Dar es Salaam. Africa’s democracies, fragile and nascent, have had a very difficult two years. The failure to modernise and liberalise is a big curb on human and social development as repressive regimes are costly to maintain. Not all news is grim.
Angola recently replaced its long-standing president Eduardo dos Santos, who has been in power since 1979. In September, Angola’s Joao Lourenco was sworn in to replace dos Santos, who ruled the oil-rich country with an iron grip for 38 years.
His party, the Popular Movement for the Liberation of Angola, Portuguese Movimento Popular de Libertação de Angola (MPLA), annihilated the National Union for the Total Independence of Angola (Unita) on the battlefield before executing Jonas Savimbi on the battlefield too.
Survivors of Unita are about 20 per cent strength in Parliament just like their Renamo counterparts in Mozambique.
Next door in Zimbabwe, Robert Gabriel Mugabe, now 93, is all set for an unprecedented fourth general election in 2018. Another five-year term will put him at 99 at the end of his term in 2023.
Two vice presidents jostling for power are also competing for the eye of his wife Grace Mugabe widely rumoured to be the power behind the throne. When the West went hard on Mugabe, Zimbabwe broke into two schisms, Shona versus Ndebele a constellation that favours Mugabe who is from the Shona majority tribe.
This week, President Mugabe declared that non-governmental organisations funded by the West will not be allowed to observe next year’s harmonised elections.
Mr Mugabe, who accused NGOs of interfering in Kenya’s disputed elections, said civil society had a habit of working with the opposition to unseat incumbent presidents.
Say no to the whites
“We don’t need them. We are saying no. We are going to have elections in 2018 and we are going to say no to the whites …,” he vowed while speaking to Chinese media in Harare last week.
Up north in Zambia, President Edgar Lungu locked his opponent for engaging in defiance and threatened to expel all Opposition MPs from Parliament.
Zambia has a fairly competitive multi-party system where power has shifted from two ruling parties (UNIP) in 1992 and (MMD) in 2011 to Michael Sata. Zambia also made history when its courts sanctioned the impounding of ill-gotten wealth from former MMD leader Frederick Chiluba.
In South Africa, Jacob Zuma is serving his last term as President and will be replaced as party leader in December.
The ANC, which lost its two thirds majority in 2009, is set to shed more numbers in light of pressure from the left by its allies, the Communist Party, Trade Unions and its defiant opponents, the Economic Freedom Fighters, who have turned Parliament into a sports gym with their red attire and disruption of Parliament proceedings.
In the East African Community, democratic wings have been clipped, first in Uganda where President Museveni’s muscular flattening of Parliament like a pancake is expected to result in amendment of the Constitution to remove the remaining limit on his tenure.
Senior members of the ruling National Resistance Movement (NRM)’s National Executive Council (NEC) over the weekend endorsed the Bill that seeks to scrap the presidential age limit from the Constitution.
A statement issued on Saturday by the NRM’s communications officer Rogers Mulindwa said NEC resolved to remove the presidential age limit by quashing Article 102(b) of the Constitution which caps the upper age for a prospective president at 75 years.
Museveni defends Bill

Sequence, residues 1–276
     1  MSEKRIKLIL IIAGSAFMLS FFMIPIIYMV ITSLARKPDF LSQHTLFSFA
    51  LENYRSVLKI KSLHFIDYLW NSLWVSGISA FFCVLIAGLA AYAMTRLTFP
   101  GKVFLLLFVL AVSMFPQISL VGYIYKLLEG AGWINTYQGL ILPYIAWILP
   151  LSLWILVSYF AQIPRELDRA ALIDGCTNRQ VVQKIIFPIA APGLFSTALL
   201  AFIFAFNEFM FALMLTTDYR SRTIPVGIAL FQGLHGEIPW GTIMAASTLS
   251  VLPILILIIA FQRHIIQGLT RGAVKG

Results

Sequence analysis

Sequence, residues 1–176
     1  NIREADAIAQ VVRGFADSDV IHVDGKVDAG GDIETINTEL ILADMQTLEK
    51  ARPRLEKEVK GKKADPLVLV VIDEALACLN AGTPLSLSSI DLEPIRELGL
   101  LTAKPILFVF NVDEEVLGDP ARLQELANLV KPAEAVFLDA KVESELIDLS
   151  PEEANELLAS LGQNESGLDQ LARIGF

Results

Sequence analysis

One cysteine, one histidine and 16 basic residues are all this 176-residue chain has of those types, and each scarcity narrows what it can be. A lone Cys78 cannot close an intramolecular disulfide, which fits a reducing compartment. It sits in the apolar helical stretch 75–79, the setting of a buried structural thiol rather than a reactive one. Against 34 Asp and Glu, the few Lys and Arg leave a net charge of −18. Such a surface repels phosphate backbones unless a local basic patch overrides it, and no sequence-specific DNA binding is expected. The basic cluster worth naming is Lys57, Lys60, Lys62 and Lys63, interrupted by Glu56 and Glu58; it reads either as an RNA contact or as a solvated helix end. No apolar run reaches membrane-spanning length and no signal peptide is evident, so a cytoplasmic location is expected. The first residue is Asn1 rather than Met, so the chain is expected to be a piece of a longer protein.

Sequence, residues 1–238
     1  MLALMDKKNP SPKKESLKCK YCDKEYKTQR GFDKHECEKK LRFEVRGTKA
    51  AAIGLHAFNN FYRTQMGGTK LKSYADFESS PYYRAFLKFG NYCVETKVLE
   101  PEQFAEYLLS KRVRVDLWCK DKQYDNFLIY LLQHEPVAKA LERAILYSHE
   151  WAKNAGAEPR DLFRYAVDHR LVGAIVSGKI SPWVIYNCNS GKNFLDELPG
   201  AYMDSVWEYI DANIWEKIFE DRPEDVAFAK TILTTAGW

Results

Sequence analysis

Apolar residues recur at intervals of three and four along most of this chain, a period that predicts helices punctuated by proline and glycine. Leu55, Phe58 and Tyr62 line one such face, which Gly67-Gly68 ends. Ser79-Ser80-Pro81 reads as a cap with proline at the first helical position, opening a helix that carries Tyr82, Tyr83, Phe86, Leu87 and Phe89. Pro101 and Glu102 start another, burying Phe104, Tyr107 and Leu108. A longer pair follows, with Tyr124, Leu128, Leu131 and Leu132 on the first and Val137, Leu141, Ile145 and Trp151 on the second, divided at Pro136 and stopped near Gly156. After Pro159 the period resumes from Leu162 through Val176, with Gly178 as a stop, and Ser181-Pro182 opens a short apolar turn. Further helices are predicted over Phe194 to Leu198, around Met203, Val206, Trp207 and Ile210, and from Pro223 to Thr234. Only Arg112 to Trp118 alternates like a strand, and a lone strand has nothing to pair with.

New Vision of Uganda cited sources saying the President did not respond to the money question, but defended the Bill, saying he needed time to plan for his exit.
“I am a freedom fighter who has fought many wars; I cannot leave things like that. I have to plan,” the source quoted Museveni as saying.
Museveni reportedly said he wants Uganda to set a positive example for the rest of the world. He said age should not be an issue that bothers Ugandans.
“It is not about the age, it is the service you render to people,” Museveni was quoted as saying.
Presidents Museveni, Paul Kagame and Pierre Nkurunziza have reset their horizons on State power for the foreseeable future.
In the DRC, there are no signs that President Joseph Kabila will leave power after his constitutional limit in office expired last year.
Kenya, the liberal bellwether, recently had its presidential election annulled by the Supreme Court, a development that has muddled rather than clarified the political space. One of the risks coming out of the Kenya arose from the Opposition underperforming the ruling party in the August general election. Jubilee came verily close to a two thirds majority in the National Assembly, the de-facto parliament, a development that is likely to encourage Uhuru Kenyatta, the incumbent, to compromise less.
The Supreme Court appears to have been ill-prepared for the backlash that accompanied the presidential election petition decision famously for pointing out a popular phenomenon in African elections. Writing for the majority Philomena Mwilu, the Deputy Chief Justice, a front pew Catholic, observed that IEBC chairman Wafula Chebukati, read results before they had officially been received.
Tanzania does not allow for presidential election petitions at all.
President Magufuli has not given any false hopes that he will liberalise further. He has maintained a strong stand on Zanzibar and the local opposition not hesitating to lock them up.
He has also made his point clear on the proposed new constitution -- that it is not his priority.
There are a few outliers in the bigger states. Sudan’s Omar Bashir has cut a deal with the United States to buy him freedom. Sudan’s 40 million people start to make sense when counted together with Egypt’s 95 million and Ethiopia’s 104 million people 90 per cent of the population of the United States. Africans ever the charm are taking things in stride, it is very much still big man rule this corner of the world.